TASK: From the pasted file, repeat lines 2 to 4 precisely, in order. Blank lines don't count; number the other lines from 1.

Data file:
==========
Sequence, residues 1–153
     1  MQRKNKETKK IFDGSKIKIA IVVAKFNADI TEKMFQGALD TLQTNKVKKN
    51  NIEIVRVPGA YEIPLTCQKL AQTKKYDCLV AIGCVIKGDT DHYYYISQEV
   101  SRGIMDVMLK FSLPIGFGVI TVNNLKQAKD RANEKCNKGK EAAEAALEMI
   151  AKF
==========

     1  MQRKNKETKK IFDGSKIKIA IVVAKFNADI TEKMFQGALD TLQTNKVKKN
    51  NIEIVRVPGA YEIPLTCQKL AQTKKYDCLV AIGCVIKGDT DHYYYISQEV
   101  SRGIMDVMLK FSLPIGFGVI TVNNLKQAKD RANEKCNKGK EAAEAALEMI